It’s official. The autumnal equinox has passed, and fall is here. The days are getting shorter, the weather cooler, and we’re just one season away from winter.
!!!!! SKI SEASON !!!!!
Yet if you’re like me, you want to know right now how it’s going to shape up. Will it arrive early? Last long? Will there be lots of powder days? Oh, please, let’s not have a re-run of ‘11/’12.
You could drive yourself crazy with all the long range predictions out there. From the Farmer’s Almanac to Accuweather, everyone has an opinion on what the weather’s going to be.
But how accurate are these things, anyway? Does it do any good to track them down? Would we be better off consulting an astrologer? Reading tea leaves? Flipping a coin? Should we even pay attention?
The short answer is, probably not.
According to the National Weather Service, “long range forecasting is based on mathematical models and past prevalent weather patterns. The further you go into the future, the lower the degree of accuracy. That is because forecast models are partly based on the recent weather patterns. These patterns surely will change. If we try to guess what the weather will be in a certain area two months from now, the data necessary to create a forecast simply does not exist.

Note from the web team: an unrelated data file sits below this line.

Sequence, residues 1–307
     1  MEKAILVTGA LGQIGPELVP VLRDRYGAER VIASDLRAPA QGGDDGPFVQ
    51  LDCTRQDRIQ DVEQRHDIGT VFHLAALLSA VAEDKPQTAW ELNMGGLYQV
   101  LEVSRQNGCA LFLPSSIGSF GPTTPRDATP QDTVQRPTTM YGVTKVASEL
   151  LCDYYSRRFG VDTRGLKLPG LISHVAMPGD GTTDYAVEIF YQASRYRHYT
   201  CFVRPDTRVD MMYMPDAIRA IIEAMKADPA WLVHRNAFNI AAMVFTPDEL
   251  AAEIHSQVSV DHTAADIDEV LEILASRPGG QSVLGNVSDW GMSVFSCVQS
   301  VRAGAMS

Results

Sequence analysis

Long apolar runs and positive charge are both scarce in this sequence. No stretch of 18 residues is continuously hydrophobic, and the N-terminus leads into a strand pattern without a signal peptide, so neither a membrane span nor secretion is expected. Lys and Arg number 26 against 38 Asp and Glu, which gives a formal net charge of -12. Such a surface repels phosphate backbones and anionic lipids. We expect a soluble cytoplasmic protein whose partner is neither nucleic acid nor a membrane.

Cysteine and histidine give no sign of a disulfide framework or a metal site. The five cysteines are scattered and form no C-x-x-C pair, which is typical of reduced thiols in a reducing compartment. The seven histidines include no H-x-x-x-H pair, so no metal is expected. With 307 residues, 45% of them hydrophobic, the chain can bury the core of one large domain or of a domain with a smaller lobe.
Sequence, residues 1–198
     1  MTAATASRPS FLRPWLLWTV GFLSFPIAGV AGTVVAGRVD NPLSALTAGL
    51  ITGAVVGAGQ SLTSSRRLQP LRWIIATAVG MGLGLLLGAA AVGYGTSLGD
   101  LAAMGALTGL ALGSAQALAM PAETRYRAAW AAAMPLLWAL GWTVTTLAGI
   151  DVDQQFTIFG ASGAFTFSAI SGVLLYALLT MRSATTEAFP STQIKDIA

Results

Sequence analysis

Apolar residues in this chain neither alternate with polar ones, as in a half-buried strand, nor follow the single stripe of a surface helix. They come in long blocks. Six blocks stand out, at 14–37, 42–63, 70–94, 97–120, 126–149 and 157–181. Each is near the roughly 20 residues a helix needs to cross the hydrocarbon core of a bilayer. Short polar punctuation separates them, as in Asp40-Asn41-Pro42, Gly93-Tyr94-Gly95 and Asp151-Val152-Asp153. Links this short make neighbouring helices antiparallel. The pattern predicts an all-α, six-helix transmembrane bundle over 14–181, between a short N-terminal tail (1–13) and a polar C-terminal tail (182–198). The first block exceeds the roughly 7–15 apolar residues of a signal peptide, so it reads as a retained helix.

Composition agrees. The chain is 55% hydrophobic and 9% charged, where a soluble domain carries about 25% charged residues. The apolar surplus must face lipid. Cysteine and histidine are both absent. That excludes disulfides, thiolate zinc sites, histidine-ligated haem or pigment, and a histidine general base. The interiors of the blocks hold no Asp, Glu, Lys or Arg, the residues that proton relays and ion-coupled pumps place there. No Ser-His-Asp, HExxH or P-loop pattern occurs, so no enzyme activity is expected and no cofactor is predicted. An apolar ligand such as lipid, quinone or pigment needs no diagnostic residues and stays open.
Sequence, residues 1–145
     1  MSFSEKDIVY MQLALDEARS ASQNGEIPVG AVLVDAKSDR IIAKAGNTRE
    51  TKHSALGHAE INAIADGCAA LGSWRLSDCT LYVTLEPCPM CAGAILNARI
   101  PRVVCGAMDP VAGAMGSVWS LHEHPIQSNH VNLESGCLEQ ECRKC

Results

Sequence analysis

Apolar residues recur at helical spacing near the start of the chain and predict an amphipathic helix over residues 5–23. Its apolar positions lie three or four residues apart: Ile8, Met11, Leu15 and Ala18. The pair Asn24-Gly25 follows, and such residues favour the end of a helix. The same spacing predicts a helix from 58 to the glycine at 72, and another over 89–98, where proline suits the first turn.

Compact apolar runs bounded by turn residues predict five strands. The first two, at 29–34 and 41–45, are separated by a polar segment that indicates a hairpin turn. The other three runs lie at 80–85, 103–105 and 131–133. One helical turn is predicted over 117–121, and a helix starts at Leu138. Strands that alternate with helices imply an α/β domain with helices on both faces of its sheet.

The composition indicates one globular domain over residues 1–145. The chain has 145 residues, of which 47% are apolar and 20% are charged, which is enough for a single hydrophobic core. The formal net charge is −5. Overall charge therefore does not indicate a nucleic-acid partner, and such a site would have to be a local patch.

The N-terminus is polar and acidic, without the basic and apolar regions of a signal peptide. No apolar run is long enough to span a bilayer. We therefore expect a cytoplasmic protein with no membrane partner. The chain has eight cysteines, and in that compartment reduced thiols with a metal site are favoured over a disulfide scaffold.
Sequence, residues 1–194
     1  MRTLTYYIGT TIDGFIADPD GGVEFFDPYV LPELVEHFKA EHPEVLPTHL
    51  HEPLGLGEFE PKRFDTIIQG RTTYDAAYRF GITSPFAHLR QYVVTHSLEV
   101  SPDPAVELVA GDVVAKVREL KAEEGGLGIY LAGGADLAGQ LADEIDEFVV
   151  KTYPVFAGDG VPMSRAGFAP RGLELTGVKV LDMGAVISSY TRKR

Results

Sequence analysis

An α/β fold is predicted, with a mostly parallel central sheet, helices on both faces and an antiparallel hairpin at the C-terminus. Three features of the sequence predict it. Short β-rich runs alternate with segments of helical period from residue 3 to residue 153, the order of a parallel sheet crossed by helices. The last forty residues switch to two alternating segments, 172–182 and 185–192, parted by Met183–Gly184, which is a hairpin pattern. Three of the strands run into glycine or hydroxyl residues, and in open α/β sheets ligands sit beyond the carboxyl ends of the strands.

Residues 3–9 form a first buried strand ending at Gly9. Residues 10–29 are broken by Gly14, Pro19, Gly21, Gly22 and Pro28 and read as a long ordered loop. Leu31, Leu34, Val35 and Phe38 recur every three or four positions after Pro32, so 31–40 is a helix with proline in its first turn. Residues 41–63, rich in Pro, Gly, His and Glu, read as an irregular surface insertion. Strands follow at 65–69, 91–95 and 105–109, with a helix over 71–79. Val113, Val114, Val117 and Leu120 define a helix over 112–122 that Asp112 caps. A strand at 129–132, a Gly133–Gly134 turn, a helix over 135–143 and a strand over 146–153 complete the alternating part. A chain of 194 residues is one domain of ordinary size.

The Climate Prediction Center (CPC) creates general temperature and precipitation outlooks up to one year in advance. Their forecasts only deal with the above or below normal expected temps or precipitation, not what the weather will be in one location. Long range weather forecasts are only accurate to an extent and should not be taken too seriously, there is always room for something in the atmosphere to change.”
So while I continue to look at the long range forecasts and cheer at the ones that say what I want them to say, these are the ones I like the best:
Here’s hoping for a snowy winter.